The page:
To make your CEC useful in the IVO, you must register, in an IVOA-compliant resource registry:
The application registrations state the interfaces of the applications. The service registration states the service endpoint (the URL for access) and lists the applications that the CEC can run. For each registration, you submit a resource document (an XML file) stating the necessary metadata in a machine-readable format.
You have a choice: either prepare and submit your resource documents manually, or let the CEC register itself automatically on your behalf. AstroGrid recommends automatic registration except in the case where you are mirroring applications previously registered; in that case you must use manual registration as the automatic registration can't cope. This flaw should be fixed in a later version of the CEC software.
If you are setting up your CEC to run applications already defined and published in the IVO, then you do not need to register these. You must still register the CEC itself.
If you do this, you are declaring your service as a mirror of the existing services running the applications in question; you are promising that your service will produce the same results as those services for given inputs. The AstroGrid UIs and workflow agents will then distribute jobs indiscriminately between the services mirroring the application. Mirroring is very valuable to the IVO for load balancing and high availablity, but please don't publish your service as a mirror of an application unless you are sure that you have installed the right version of the application!
One way to check that your mirroring is exactly correct is to generate the registration document for your configuration using the "show registration document" link in the sidebar. Compare the application descriptions in your document with those in the IVO registry: they should be the same.
First, check the content of the registration using the "show registration document" link in the side-bar. If the content isn't right, go back to the configuration stage and fix it.
Second, make sure that your CEC is working properly, using the self-test features. If it isn't working, go back to configuration and find out why.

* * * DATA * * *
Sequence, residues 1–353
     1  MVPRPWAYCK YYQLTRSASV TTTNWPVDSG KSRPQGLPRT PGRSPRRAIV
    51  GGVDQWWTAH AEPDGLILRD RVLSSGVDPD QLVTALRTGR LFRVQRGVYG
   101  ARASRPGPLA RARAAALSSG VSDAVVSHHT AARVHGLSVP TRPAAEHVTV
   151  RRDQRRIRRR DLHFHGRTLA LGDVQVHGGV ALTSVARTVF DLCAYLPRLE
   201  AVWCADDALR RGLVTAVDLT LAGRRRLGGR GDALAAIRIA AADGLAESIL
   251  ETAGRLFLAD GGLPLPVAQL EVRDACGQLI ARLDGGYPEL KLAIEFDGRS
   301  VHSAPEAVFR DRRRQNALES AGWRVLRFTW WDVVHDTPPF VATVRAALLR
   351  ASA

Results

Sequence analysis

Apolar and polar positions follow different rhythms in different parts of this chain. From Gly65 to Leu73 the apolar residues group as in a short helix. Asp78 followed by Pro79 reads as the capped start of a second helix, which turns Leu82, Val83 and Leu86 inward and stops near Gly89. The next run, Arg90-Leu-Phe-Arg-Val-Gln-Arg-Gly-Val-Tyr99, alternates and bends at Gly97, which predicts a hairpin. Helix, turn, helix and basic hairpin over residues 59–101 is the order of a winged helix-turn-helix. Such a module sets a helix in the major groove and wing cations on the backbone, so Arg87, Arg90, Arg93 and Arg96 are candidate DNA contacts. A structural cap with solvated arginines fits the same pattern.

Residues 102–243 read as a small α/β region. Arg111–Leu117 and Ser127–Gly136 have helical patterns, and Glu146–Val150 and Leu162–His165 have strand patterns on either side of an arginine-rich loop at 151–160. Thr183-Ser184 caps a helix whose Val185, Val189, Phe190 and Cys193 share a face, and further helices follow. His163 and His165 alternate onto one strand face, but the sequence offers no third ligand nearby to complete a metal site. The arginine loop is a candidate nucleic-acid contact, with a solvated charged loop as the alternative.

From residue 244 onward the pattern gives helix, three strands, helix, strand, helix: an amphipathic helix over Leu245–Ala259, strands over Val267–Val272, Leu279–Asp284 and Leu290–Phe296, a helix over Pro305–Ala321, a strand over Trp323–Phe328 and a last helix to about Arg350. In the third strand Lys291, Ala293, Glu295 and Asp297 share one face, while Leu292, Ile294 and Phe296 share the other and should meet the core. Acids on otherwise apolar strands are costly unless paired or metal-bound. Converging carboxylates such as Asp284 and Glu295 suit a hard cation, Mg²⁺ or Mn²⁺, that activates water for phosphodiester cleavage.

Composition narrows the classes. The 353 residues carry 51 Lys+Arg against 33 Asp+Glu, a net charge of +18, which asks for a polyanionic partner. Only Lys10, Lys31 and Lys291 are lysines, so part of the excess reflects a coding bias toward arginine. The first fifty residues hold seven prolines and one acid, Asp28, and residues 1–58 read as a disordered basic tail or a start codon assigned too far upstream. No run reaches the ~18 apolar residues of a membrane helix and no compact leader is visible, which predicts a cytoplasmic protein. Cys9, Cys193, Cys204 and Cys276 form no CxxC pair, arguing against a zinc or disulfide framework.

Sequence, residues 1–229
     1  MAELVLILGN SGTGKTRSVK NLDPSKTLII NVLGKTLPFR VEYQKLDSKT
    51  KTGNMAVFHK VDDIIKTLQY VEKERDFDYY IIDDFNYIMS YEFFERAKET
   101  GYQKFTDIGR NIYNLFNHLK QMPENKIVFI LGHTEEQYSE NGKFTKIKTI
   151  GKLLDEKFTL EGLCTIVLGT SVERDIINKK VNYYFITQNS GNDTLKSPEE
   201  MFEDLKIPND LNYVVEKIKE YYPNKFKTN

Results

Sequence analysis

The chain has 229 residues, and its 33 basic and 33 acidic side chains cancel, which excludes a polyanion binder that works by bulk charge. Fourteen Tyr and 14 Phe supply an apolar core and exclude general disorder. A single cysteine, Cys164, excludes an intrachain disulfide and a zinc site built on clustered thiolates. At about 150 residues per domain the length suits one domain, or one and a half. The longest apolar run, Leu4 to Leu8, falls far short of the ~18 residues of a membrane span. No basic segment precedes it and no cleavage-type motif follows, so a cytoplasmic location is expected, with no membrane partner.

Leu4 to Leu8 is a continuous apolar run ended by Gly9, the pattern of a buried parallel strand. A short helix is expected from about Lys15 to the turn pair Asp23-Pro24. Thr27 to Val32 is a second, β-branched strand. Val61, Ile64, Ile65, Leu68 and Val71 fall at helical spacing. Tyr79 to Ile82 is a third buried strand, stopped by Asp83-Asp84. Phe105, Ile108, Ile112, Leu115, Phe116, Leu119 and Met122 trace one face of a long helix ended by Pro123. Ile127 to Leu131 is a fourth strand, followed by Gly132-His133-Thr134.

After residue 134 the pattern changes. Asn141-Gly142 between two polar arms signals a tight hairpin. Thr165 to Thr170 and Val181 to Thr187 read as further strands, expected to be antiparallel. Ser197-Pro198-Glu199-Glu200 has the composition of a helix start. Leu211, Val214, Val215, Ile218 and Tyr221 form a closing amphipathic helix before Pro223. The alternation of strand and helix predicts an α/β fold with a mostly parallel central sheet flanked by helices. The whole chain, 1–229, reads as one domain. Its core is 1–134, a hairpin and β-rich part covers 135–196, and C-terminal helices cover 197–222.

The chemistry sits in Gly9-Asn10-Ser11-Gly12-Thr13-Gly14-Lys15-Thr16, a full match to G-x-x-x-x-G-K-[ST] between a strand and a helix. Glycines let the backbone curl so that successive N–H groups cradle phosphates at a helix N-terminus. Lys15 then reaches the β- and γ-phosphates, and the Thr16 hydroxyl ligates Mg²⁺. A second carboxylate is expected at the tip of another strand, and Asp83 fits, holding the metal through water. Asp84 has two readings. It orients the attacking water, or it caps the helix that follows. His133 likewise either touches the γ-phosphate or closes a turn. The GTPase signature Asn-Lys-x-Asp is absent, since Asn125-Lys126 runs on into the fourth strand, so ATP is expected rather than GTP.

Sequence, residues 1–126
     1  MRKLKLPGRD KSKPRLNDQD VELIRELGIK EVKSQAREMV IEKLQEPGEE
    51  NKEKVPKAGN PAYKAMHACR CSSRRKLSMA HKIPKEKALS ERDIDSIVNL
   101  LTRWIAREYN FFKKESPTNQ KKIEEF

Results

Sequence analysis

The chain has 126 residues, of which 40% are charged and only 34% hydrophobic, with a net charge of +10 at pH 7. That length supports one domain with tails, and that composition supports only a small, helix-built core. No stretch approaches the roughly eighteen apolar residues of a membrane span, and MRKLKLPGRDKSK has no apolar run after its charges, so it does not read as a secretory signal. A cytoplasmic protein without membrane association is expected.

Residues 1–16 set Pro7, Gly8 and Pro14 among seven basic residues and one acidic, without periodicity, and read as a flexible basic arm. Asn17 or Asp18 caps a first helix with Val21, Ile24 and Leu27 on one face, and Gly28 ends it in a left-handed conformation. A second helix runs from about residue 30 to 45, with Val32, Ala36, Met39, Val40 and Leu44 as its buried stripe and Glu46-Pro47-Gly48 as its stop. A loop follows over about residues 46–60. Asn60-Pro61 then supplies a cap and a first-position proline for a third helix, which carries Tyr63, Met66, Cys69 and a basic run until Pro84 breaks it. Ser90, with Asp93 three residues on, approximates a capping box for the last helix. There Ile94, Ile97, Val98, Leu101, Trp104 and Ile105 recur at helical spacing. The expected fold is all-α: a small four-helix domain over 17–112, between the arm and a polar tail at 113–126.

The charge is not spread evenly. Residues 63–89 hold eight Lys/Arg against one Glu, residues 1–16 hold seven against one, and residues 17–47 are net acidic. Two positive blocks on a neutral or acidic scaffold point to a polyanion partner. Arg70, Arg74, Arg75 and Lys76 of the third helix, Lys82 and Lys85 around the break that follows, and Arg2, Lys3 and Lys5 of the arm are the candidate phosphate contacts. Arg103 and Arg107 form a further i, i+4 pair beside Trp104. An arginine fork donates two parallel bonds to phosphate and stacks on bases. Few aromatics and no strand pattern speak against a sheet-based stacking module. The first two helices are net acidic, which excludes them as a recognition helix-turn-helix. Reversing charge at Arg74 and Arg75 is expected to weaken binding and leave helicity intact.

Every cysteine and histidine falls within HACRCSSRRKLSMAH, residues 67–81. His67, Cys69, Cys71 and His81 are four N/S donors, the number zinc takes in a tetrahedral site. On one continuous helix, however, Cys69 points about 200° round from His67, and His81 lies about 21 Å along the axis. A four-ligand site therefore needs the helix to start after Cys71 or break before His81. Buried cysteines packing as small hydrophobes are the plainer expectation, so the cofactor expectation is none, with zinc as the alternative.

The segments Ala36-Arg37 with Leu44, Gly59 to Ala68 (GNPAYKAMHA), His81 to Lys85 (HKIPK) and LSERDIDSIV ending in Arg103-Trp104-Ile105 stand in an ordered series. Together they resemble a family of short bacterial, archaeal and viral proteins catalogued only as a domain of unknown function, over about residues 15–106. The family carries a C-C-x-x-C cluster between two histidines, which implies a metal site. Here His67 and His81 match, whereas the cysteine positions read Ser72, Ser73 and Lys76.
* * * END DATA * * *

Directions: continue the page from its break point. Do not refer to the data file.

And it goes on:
Remember: registration publishes your resources into the IVO and invites science users to depend on them. It is best not to register until everything is right.
Use "register" link from the sidebar. This generates the resource documents and submits them to the configured publishing-registry.
Most registries have a web-browser interface whereby you can submit resource documents manually. Typically, and especially in the AstroGrid implementation of the registry, you upload the registration documents from files on disc.
You can get a registration document using the "show registration document" link in the sidebar. Save this to disc and edit it as necessary. You need to be very careful not to "break" the structure of the document. Refer to the registration template in your configuration directory for advice on what to write.
In the special case of a CEC that mirrors applications, you should edit the registration document produced by the CEC to remove the application description, leaving only the service description.
If you want to cease service of an application, then you should update the list of managed applications in the service registration of your CL-CEC. Do this by changing the configuration - see the configuration guide - and repeating the registration of the CEC as described above. This states to the IVO that your own CEC no longer provides the application. It doesn't eliminate the registered description of the application; thus you can do this whether or not you originally registered the application and whether or not other services are offerring the same application.
Unregistering an application removes it from the IVO resource-register causing the IVO to forget its details. You should do this only if you were the party who originally registered the application and if no CECs anywhere in the IVO are offering the application. Therefore, cease service, as described above, in your own CEC before deregistering.
For command-line and Java-class applications, you will have to make a registry to make sure that no other CECs are offering the application. HTTP-CECs work differently; each one offers all the HTTP applications in the registry. Thus, you can deregister HTTP applications that are in use elsewhere. The HTTP-CECs will cope with it and will forget about the missing applications next time they restart.
To deregister an application, use the controls for the register; you can't do this from the CEC's local controls. The exact technique varies between registry implementations, but typically you set the status attribute of the registration to "deleted".
If you want to withdraw your CEC from service permanently or for a lengthy period (but not just for short down-time), then you should deregister it. You do this by editing the service resource-document, changing the value of the status attribute on the Resource element to "deleted" and re-registering it, as described above, under the same identifier.